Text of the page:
Build API Authentication with Laravel Passport

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When you are building a web application with Laravel, authenticating your user is a crucial step because we don’t want an unauthenticated user to do something malicious in our app or do something we don’t expect to. You should always protect your routes with the authentication middleware, or if you want to take a step further, you can protect it with the authorization as well.

It’s easy to authenticate users with the traditional login forms because we have session states between requests that we can maintain. Take a look at my article here if you want to know how we can authenticate users with traditional login forms using laravel/ui package. But, how about authenticating users using the API? As we know, in the API environment, we don’t maintain the session state between requests.

Fortunately, Laravel Passport package comes for help. We can easily authenticate users with the Passport. Of course, we need some preparations to be done before we can use this package in a real-life project. In this article, I’ll show you how to authenticate users using Laravel Passport in our API.

If you want to take a step further for authorizing users, take a look at my article here.

Content Overview

  • What is Passport?
  • How we can authenticate the users?
  • Passport Installation
  • API Routes
  • API Traits
  • Authentication Controller
  • Let’s Try it!
  • Things to Improve

Before we begin, I want to make sure we have the same definition of what Passport is.

Laravel Passport is an OAuth2 server and API authentication package that is simple and enjoyable to use. —

With that definition, we know Passport is a package ready for OAuth2 and API Authentication implementation. What’s great about Passport? With Passport, we have a lot of boilerplate codes for authenticating users. The package includes the authentication Middleware, functions for generating the token, the migration table, and so on. What we need to do is just a basic configuration so that our project can implement this package. Interesting right?

You can skip this explanation if you’re already know how to authenticate the users with the API. If you don’t know yet, let me explain first so you don’t get confused in the middle of implementation.

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Image 1. Login & Get Access Token

Let’s say a user, John, want to log in to our app. The user requests an access token by submitting his credentials into the server. The server will then generate a token if the credentials are matched and return the token to the users. In a real-life project, we must specify the lifetime/expiration time of the token. We don’t want a user to have an unlimited expiration time. At least, we control how users interact with our server by specifying the token’s lifetime.

If John has the access token, then he must always pass the token into the server whenever he asks a resource. Take a look at the image below.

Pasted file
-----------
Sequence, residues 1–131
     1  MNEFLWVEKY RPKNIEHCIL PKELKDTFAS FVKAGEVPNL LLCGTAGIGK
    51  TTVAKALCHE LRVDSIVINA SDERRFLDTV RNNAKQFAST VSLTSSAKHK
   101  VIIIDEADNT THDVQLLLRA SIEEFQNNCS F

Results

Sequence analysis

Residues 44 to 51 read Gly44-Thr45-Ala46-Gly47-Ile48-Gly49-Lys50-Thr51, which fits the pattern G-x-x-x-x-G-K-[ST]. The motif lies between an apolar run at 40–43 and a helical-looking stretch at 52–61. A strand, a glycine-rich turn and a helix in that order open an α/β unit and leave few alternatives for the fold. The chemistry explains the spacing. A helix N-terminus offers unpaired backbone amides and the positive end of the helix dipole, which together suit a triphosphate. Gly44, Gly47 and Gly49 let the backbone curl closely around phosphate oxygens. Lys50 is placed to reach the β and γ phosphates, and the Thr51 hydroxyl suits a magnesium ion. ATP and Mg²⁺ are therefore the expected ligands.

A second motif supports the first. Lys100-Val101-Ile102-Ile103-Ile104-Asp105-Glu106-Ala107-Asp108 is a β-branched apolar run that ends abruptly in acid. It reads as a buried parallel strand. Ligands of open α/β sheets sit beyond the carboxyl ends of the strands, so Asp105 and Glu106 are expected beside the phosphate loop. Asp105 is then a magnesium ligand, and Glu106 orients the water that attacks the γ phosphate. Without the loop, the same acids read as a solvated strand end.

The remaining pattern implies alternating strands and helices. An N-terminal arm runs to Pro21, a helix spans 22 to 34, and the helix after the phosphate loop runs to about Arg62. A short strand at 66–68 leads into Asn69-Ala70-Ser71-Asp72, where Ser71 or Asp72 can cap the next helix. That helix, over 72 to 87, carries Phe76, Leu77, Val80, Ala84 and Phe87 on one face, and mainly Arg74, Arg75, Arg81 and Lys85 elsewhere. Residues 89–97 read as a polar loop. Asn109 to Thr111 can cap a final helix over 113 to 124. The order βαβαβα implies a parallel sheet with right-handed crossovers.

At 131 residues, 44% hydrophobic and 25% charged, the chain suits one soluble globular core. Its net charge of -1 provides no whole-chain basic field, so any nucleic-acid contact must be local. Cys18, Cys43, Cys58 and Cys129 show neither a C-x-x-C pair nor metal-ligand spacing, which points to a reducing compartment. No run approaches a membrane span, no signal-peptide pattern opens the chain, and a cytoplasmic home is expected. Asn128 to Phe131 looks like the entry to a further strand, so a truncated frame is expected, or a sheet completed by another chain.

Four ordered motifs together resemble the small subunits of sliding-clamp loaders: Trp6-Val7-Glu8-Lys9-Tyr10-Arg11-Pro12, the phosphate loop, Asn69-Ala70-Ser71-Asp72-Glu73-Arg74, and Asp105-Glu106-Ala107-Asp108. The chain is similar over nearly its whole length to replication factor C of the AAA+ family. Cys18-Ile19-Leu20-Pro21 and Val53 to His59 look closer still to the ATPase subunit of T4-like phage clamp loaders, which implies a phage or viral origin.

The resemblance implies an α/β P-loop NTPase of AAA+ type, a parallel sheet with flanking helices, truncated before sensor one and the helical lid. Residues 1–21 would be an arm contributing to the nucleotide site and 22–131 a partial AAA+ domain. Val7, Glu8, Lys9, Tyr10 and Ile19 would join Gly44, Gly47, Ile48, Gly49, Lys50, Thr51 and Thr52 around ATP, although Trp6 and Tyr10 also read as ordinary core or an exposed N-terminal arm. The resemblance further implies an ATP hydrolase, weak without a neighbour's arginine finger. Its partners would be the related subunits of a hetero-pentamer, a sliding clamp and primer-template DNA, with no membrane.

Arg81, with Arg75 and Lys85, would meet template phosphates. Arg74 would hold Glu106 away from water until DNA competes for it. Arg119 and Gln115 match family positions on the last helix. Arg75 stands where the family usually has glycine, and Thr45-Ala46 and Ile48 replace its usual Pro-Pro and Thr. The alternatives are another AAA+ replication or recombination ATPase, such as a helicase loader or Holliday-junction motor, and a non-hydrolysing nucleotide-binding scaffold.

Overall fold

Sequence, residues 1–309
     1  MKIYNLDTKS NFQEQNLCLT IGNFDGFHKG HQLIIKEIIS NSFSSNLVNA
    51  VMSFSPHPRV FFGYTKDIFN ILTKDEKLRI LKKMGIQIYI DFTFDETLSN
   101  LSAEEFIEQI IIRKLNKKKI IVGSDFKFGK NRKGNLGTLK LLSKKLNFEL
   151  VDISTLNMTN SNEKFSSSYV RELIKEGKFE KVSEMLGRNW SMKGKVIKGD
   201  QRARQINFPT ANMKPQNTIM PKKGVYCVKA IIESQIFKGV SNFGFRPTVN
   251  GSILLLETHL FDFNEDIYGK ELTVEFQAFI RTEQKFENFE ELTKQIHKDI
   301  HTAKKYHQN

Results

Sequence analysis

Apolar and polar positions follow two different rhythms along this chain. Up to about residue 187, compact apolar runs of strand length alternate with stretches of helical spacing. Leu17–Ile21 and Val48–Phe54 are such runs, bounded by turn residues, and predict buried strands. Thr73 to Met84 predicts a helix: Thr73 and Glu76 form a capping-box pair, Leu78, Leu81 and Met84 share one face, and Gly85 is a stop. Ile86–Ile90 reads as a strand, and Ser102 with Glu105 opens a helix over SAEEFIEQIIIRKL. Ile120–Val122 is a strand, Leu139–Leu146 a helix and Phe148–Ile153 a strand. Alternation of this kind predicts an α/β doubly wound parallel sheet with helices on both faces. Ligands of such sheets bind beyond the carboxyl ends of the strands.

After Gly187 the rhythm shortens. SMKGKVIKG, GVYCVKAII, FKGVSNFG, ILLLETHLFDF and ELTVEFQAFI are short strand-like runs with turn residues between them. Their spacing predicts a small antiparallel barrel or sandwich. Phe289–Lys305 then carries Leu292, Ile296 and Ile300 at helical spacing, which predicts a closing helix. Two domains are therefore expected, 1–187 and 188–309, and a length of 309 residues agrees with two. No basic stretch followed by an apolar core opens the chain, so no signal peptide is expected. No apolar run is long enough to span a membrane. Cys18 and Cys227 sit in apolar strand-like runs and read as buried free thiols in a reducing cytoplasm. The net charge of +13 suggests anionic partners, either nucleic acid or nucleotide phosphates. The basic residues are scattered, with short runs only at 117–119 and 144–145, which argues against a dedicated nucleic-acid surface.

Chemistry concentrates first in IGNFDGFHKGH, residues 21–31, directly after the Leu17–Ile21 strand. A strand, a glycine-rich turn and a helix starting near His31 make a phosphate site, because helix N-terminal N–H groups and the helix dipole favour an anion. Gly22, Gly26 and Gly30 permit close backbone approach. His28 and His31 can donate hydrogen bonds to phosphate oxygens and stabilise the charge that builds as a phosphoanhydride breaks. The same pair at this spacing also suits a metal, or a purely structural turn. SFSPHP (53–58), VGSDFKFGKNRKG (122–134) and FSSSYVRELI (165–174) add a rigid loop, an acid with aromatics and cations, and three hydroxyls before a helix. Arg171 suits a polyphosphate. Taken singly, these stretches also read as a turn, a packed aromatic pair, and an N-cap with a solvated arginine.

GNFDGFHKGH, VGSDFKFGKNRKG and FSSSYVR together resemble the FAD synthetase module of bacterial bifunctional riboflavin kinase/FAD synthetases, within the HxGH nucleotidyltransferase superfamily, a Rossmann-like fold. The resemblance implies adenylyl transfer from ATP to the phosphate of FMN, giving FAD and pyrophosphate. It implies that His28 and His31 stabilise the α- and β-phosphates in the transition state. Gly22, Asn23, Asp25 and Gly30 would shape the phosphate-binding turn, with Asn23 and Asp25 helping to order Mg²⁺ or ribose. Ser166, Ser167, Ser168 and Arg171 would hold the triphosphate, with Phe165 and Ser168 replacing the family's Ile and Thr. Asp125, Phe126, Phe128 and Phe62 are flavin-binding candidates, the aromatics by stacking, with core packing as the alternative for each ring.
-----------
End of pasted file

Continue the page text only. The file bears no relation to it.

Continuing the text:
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Image 2. Authenticating Users with Token

When John asks a resource, he must pass the token that he retrieved before. The server will check if the token the user passed is a valid one and not expired. If the token is valid, the server can get a user represented by this token, and the server found John in this case. So, the server can return the books owned by John, not the books owned by other users.

Of course, you can modify the behavior as you want. Maybe, John can get access to all books, or he can only update a book owned by him, and so on. The most important thing is that every user must pass their token every request they made. So, the server can identify the users by the tokens they passed and properly return a response.

The question is, what does the Passport do in this scenario? Actually, Passport does a lot of things. For example, we don’t need to find a user represented by his/her token explicitly, because the job is already done in the middleware by Passport and we can retrieve the user with Auth::user() function in our controllers. Cool right? It saves so much time for us comparing we made the whole system by ourselves from scratch.

Let’s install Passport inside our project. I assume you have a fresh installation of Laravel project, then in your project, let’s pull the Passport package.

composer require laravel/passport

If the Passport is installed successfully, the next step is to run the migration. The Passport migrations will create some new tables for storing the tokens.

php artisan migrate

Next, we need to create encryption keys. These keys are needed for generating the access token. Install the keys with this command:

php artisan passport:install

After running the command, we must add the Laravel\Passport\HasApiTokens trait into our User model. This trait gives us some helper methods to create the token, inspect the user’s token and scopes.


Next, we must add Passport::routes() in our app/Providers/AuthServiceProvider.php to register necessary routes to issue/revoke the tokens. One more thing, inside the boot() function, we can specify the default lifetime or expiration time of personal access token we want to issue to the user.